I am contemplating growing some oats, barley and pea shoots in the greenhouse to supplement the animals winter rations.  Spring time I want to have an acre or so growing to provide fodder for the meat chickens that will be kept in movable pens ala Joel Salatins  tractors.

Well I think my to do list is quite a bit bigger than my to done list so perhaps I better get at it.

Hope you take time today to notice the beauty around you.






Thursday, January 02, 2014

Reflections

It's been quite a while since I've updated this blog. It's not that I haven't been up to a few projects this year its simply that l been doing updating on various social media and not aggregating it in this blog.

We've just come out of our first cold snap- a couple of weeks of -20, with its usual pipe freeze ups. A trial run before the deep chill of late December through February. However,  I was reminded just recently that "only fools and newcomers predict the weather." We've been here coming on 10 years now,  so we're still newcomers.  I think it takes at least two decades before were living in the Blomquist place- but what the heck, we're not going anyplace.

I think there comes a time when a Homestead needs to make a decision about where it is going. We seem to have reached that point. Expand the farm,  or shrink it back to a hobby farm.  Our worry was that we wouldn't be able to sale what we could produce.  Thankfully, so far that's not been a big problem.

We've been doing a lot of research on the farming gig.  A lot of hoops to jump through.  Most of it, total crap designed to keep the small producer out of the game.  If I was the teeniest bit paranoid I would think it's all set up to keep food Co in business.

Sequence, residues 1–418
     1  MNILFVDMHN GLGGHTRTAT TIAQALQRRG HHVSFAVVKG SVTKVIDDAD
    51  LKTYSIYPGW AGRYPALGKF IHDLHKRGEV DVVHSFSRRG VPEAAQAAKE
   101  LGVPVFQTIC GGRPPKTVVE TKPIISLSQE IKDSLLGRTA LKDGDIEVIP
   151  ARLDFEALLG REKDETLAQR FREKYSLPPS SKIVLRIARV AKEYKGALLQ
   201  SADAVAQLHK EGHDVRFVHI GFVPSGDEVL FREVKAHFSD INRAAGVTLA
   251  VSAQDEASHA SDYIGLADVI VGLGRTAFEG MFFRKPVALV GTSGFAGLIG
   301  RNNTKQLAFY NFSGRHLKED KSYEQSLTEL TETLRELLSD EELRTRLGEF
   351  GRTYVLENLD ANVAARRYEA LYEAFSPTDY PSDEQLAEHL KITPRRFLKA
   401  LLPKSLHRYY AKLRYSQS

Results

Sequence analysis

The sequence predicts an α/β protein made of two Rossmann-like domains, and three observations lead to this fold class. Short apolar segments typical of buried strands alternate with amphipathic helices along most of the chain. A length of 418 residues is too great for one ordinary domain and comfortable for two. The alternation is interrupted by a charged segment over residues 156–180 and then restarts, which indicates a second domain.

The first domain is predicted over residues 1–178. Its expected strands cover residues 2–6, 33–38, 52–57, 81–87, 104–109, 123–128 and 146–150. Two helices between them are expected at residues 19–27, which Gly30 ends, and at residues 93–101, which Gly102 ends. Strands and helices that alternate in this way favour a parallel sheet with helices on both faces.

increasing the pigs mean more bedding . Fortunately hay was plentiful and relatively inexpensive. The most expensive was $3.00 and we scored a 100 bales for $1.00.  We picked up an old John Deere in good running order complete with bucket and it came with a good heavy disk and working baler. Were short a rake and a way to Whack it down from making our own.  We scored a hay elevator and could easily put the winters supply in the hay lofts.  This year we stored it outside 9 to a pallet and shift it with a Skid steer equipped with forks.   We've been making do with an an old Case Skid Steer but it needs a complete hydraulic rebuild so we replaced it with a newer diesel unit that came with a dirt bucket, 4 way bucket, a 6 way grader blade, log grapple, rototiller and a sweeper.   It will make chores and driveway maintenance a bit easier.